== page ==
Isocyanates useful in the preparation of the instant polymers are those of the formula
wherein D is the residue of an aromatic, aliphatic, cycloaliphatic, or aralphatic diisocyanate. Such diisocyanates are, as a class, well known in the art.
Preferred aliphatic, including cycloaliphatic, diisocyanates include those of general formula
D is straight or branched chain alkylene of 2 to 16 carbon atoms, optionally containing halo or cycloaliphatic functions, and further optionally interrupted by one to three groups independently selected from the group consisting of --NR--, --O--, --S--, --SO2 --, --COO--, --OOC--, --OCOO--; --CONR--, --NRCO--, --SO2 NR-- and --NRSO2 where R is as defined above.
Useful aliphatic or cycloaliphatic polyisocyanates include 1,2-ethane diisocyanate, 1,3-propano diisocyanates, 1,4-butane diisocyanate, 2-chloropropane-1,3-diisocyanate, pentamethylene diisocyanate, propylene-1,2-diisocyanates, 1,6-hexane diisocyanate, 1,8-octane diisocyanate, 1,10-decane diisocyanate, 1,12-dodecane diisocyanate, 1,16-hexadecane diisocyanate and other aliphatic diisocyanates such as 1,3-cyclohexane diisocyanate, 1,4-cyclohexane diisocyanate, cyclohexane triisocyanate, 4-4'-methylene bis(cyclohexyl isocyanate).
Additionally, the following diisocyanates are particularly preferred because urethane compositions made therefrom tend to be non yellowing:
1,6hexamethylene diisocyanate (HDI), 2,2,4- and 2,4,4-trimethyhexamethylene diisocyanate (TMDI), dimer acid derived diisocyanate (DDI) obtained from dimerized fatty acids, such as linoleic acid 4,4-dicyclohexylmethane diisocyanate (hydrogenated MDI), isophorone diisocyanate, 3 -isocyanatomethyl-3,5,5-trimethylcyclohexyl diisocyanate, lysine methyl ester diisocyanate (LDIM), bis(2-isocyanatoethyl) fumarate (FDI), and bis(2-isocyanatoethyl) carbonate. Preferred araliphatic isocyanates include m-tetramethylxylylene diisocyanate (TMXDI) and isomers thereof.
Useful aromatic diisocyanates can be represented by the formula
D is phenylene that is unsubstituted or substituted by on or two alkyl of 1 to 4 carbon atoms, alkoxy of 1 to 4 carbon atoms, chloro, bromo and nitro; naphthylene that is unsubstituted or substituted by on or two alkyl of 1 to 4 carbon atoms, chloro, bromo and nitro or where
D is a group of formula ##STR7## where
A is a direct bond, oxygen, methylene or ethylene and a, a', a" and a'" each independently are hydrogen, alkyl of 1 to 4 carbon atoms alkoxy of 1 to 4 carbon atoms, chloro or bromo.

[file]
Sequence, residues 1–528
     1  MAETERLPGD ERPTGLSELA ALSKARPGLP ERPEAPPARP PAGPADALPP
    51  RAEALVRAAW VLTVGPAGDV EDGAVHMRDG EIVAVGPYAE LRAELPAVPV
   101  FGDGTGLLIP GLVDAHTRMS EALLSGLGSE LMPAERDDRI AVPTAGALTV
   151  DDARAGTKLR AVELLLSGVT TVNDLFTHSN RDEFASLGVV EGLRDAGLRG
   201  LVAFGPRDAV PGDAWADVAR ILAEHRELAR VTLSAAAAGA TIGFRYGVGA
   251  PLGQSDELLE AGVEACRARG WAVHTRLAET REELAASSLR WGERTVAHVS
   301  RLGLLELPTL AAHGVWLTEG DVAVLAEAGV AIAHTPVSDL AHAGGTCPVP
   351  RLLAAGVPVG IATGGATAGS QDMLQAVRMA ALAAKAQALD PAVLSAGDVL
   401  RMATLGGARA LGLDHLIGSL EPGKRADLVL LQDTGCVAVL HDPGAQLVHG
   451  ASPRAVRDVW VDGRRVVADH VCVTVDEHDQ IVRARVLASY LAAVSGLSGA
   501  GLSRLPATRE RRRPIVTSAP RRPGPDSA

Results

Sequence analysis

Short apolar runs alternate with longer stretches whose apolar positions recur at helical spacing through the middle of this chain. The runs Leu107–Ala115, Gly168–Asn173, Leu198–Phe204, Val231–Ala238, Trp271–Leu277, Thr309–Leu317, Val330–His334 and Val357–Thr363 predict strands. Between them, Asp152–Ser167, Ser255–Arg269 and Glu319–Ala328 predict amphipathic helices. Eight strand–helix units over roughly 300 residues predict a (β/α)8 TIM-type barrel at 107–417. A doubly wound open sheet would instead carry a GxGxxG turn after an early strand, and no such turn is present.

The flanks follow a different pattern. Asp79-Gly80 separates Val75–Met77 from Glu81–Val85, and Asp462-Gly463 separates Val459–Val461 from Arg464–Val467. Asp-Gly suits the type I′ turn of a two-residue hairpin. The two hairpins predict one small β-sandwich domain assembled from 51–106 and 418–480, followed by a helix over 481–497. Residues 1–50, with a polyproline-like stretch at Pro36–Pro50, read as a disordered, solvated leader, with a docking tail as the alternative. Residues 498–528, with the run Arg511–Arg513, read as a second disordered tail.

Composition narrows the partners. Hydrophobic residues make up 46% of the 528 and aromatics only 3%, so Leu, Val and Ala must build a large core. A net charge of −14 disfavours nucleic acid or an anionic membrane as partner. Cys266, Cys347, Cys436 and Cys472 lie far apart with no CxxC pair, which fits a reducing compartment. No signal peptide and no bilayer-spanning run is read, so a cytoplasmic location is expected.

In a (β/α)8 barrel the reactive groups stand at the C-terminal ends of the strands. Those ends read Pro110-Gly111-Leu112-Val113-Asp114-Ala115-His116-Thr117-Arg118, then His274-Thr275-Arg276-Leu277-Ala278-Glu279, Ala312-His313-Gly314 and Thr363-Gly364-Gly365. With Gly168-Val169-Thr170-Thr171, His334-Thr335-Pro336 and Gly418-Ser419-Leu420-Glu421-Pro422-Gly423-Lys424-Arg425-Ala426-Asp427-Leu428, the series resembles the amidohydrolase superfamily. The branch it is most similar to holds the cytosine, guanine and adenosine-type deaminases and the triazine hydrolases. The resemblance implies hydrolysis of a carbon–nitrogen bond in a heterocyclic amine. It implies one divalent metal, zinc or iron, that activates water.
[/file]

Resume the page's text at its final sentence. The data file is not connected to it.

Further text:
Aromatic diisocyanates as described above include tolylene diisocyanate (T) (all isomers), 4,4'-diphenylmethane diisocyanate (MDI), tolidine diisocyanate, dianisidine diisocyanate, m-xylylene diisocyanate, p-phenylene diisocyanate, m-phenylene diisocyanate, 1-chloro-2,4-phenylene diisocyanate, 3,3'-dimethyl-4,4'-bisphenylene diisocyanate, 4,4'-bis(2-methylisocyanatophenyl)methane 4,4'-bisphenylene diisocyanate, 4,4'-bis(2-methoxyisocyanatophenyl)methane, 1-nitro-phenyl-3,5-diisocyanate, 4,4'-diisocyanatodiphenyl ether, 3,3'-dichloro-4,4'-diisocyanatodiphenyl ether, 3,3'-dichloro,4,4'-diisocyanato-diphenylmethane, 4,4'-diisocyanatodibenzyl, 3,3'-dimethoxy-4,4'-diisocyanatodiphenyl, 2,2-dimethyl-4,4'-diisocyanatodiphenyl, 2,2'-dichloro-5,5'-dimethoxy-4,4'-diisocyanatodiphenyl, 3,3'-dichloro-4,4'-diisocyanatodiphenyl, 4-chloro-1,2-naphthalene diisocyanate, 4-methyl-1,2-naphthalene diisocyanate, 1,5-naphthalene diisocyanate, 1,6-naphthalene diisocyanate, 1,7-naphthalene diisocyanate, 1,8-naphthalene diisocyanate, 4-chloro-1,8-naphthalene diisocyanate, 2,3-naphthalene diisocyanate, 2,7-naphthalene diisocyanate, 1,8-dinitro-2,7-naphthalene diisocyanates, 1-methyl-2,4-naphthalene diisocyanate, 1-methyl-5,7-naphthalene diisocyanate, 6-methyl-1,3-naphthalene diisocyanate, 7-methyl-1,3-naphthalene diisocyanate, polymethylene polyphenyl isocyanate and co-products of hexamethylene diisocyanate and tolylene diisocyanate.
Additional isocyanate components can be prepared by reacting an excess of a diisocyanate as described above with a suitable hydroxyl component, such as a polyol described below or an Rf -glycol as described herein, or combination thereof, to obtain an isocyanate-terminated prepolymer.
The polyols useful in preparing such prepolymers well known in the urethane art and include:
Ethylene glycol 3-propanediol, 1,4-butanediol, 1,5-pentanediol, 1,6-hexanediol 1,9-nonanediol, 1,10-decanediol, di-, tri-, tetra- and pentaethylene glycol, bis(4-hydroxybutyl) ether, bis(2-hydroxyethyl) thioether, bis(4-hydroxybutyl) thioether, 1,4-bis(3-hydroxypropyl)benzene, glycerol trimethylolpropane, 1,2,6-hexanetriol, sorbitol, mannitol, pentaerythritol, 2-ethyl-1,3-butylene glycol, octamethylene glycol, 2-ethyl-1,3-hexanediol, dodecamethylene glycol, tetradecamethylene glycol, hexadecamethylene glycol, octadecamethylene glycol. Diols are preferred.
The polyol can contain cycloaliphatic groups, e.g. 1,4-cyclohexnediol, 1,4-bis(hydroxyethyl)cyclohexane, 4,4'-dihydroxyl-1,1'-dicyclohexyl and the like. If desired, mixtures of polyols can be used.